tain a license which he is obliged to exhibit whenever he purchases a drink at any public bar, and if arrested for drunkenness his license is confiscated, not to be renewed, and moreover the bartender is heavily fined if he be detected in selling drinks to natives who possess no license.
The Fijians of to-day are more orderly and sober than, and quite as contented as are any peoples of European ancestry, and illiteracy is rarer in Fiji than in Massachusetts. You were safer even fifteen years ago in any part of Fiji, although your host knew how you tasted, than you could be in the streets of any civilized city. It is clear that in disposition the Fijians are not unlike ourselves, and only in their time-honored customs were they barbarous. Indeed the lowest human beings are not in the far-off wilds of Africa, Australia or New Guinea, but among the degenerates of our own great cities. Nor are there any characteristics of the savage, be he ever so low, which are not retained in an appreciable degree by the most cultured among us.
Yet in one important respect the savage of to-day appears to differ from civilized man. Civilized races are progressive and their systems of thought and life are changing, but the savage prefers to remain fixed in the culture of a long past age, which, conserved by the inertia of custom and sanctified by religion, holds him helpless in its inexorable grasp. Imagination rules the world, and the world to the savage is dominated by a nightmare of tradition.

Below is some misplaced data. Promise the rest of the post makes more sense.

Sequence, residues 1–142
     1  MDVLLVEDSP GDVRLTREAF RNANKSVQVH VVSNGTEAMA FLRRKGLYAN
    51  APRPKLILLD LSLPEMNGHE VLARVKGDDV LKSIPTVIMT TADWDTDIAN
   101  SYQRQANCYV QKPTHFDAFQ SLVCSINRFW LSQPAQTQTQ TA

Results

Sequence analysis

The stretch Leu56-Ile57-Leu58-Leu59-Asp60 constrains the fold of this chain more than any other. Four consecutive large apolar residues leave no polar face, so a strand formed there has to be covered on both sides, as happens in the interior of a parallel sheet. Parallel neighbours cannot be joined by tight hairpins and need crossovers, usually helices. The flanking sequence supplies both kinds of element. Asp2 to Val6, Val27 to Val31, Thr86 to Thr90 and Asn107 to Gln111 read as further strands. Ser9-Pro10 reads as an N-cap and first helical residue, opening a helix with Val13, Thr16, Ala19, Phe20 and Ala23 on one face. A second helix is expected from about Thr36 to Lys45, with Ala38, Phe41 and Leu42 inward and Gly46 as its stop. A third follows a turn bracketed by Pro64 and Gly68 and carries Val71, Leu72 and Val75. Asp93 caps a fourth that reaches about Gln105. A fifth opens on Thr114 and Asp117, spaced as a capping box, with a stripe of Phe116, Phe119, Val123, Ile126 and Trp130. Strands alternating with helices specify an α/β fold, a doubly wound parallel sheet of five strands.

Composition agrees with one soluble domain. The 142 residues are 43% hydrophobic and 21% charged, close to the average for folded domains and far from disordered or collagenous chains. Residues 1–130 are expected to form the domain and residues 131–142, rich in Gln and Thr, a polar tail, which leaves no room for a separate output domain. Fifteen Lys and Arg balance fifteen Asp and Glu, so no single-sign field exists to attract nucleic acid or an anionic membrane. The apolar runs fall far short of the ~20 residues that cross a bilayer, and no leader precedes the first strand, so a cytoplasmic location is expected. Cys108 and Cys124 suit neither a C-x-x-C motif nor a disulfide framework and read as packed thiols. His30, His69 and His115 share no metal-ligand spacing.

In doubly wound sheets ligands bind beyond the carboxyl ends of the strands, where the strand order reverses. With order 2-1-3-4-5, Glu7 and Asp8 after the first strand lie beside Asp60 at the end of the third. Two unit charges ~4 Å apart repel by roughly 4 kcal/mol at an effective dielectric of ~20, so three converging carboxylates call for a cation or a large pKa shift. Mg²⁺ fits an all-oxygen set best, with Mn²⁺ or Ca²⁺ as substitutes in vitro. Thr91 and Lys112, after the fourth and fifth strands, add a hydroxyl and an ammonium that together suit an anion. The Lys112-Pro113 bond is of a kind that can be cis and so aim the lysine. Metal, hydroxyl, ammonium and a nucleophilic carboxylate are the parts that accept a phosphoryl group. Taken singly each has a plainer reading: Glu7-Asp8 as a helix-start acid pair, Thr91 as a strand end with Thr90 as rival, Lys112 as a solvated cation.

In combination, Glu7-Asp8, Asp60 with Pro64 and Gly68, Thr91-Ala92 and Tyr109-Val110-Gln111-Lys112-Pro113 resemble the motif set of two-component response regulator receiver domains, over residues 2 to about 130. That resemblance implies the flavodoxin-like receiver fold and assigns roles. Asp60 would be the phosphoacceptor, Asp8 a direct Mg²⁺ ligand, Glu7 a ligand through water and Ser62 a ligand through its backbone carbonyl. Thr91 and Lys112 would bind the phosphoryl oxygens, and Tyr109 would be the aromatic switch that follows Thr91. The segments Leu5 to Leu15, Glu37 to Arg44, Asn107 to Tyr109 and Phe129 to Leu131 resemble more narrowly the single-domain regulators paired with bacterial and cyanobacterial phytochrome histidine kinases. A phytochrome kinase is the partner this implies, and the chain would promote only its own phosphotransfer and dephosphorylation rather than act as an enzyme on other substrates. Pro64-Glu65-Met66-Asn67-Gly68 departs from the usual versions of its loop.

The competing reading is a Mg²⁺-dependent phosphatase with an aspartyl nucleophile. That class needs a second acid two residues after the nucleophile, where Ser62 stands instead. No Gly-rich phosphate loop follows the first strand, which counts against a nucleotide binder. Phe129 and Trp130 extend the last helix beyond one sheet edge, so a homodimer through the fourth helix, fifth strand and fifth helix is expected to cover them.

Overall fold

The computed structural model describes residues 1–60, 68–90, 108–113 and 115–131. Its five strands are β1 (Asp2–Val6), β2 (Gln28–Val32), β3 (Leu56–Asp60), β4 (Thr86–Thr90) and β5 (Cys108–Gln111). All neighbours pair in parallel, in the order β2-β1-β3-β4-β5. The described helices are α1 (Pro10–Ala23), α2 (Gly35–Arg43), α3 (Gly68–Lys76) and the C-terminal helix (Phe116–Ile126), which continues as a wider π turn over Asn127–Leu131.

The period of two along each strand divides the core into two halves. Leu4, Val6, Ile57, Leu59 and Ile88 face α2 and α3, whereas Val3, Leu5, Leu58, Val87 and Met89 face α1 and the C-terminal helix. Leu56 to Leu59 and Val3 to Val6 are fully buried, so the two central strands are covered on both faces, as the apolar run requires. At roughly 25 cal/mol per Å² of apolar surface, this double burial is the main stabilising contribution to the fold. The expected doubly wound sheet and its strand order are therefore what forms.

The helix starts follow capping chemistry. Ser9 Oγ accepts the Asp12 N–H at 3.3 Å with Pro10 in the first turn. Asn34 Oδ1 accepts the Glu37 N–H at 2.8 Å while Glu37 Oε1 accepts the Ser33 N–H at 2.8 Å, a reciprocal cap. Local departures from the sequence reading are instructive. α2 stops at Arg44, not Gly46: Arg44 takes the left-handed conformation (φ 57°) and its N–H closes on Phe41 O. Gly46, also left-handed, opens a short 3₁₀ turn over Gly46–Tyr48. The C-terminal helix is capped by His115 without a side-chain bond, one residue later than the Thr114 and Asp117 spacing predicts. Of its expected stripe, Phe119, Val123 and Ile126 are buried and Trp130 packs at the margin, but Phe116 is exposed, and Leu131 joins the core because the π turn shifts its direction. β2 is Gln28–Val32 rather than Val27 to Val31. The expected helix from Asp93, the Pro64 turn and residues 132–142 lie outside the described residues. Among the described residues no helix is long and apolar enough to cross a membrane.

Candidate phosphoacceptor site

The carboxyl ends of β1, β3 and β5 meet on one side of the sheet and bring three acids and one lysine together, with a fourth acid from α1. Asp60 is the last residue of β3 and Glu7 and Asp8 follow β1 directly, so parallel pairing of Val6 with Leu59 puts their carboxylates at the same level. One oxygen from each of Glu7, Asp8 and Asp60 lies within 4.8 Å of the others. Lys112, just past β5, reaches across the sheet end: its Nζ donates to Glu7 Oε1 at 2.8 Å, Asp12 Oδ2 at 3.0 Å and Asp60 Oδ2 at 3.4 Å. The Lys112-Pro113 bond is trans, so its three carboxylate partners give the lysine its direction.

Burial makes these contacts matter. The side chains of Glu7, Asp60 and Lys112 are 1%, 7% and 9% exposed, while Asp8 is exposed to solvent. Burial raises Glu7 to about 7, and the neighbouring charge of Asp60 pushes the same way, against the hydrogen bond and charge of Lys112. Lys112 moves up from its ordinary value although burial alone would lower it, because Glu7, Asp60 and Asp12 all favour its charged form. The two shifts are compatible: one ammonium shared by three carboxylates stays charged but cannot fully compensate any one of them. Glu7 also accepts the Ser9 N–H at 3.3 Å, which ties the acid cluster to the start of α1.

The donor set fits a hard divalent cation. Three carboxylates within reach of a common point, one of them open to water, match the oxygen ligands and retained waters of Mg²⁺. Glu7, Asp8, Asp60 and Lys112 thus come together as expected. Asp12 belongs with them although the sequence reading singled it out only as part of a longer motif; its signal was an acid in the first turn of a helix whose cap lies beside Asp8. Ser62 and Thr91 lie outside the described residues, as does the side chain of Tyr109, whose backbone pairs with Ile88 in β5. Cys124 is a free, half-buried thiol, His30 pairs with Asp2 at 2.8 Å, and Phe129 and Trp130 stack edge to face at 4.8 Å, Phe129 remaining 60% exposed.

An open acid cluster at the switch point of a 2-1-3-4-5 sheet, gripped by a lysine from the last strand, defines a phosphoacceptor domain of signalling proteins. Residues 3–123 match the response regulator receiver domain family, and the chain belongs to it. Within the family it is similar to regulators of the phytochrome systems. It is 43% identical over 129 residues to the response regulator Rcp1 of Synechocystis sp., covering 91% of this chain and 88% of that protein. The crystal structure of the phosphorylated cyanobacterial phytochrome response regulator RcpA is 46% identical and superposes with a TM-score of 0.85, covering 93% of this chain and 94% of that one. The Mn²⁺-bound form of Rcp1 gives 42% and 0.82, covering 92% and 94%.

It is not that there are no individuals of progressive tendencies among primitive tribes, but the careers of their Luthers and Galileos are apt to be short and to end in tragedy. Indeed, only three hundred years ago our own leaders of progress struggled at the risk of their lives against the prejudices of their contemporaries. Even with us every effort of progress engenders a counteracting force in the community which tends to check its growth and to preserve the present status, accepting the acknowledged evil of to-day to preserve the even tenor of our way, for fear of the new is akin to the superstitious dread of the unknown. Whether the race be savage or civilized depends chiefly upon the nature of the customs that are handed down as patterns upon which to mold life. and thought. The more ancient the triumph of the conservatives the more primitive the culture which is conserved, and the more likely is it to be crude and barbarous. A wonderful instance of fixity of custom is afforded by the race which in the ice-age lived in the caverns in the valleys of the Dordogne and the Vezere in central France. Their skull measurements indicate that certain of these cave-dwellers were Esquimo and their implements and works of art are the same as those of the Esquimo of the Arctic regions of to-day, who have thus remained unchanged throughout unknown thousands of years, unaffected by their great journey northward following the edge of the retreating ice.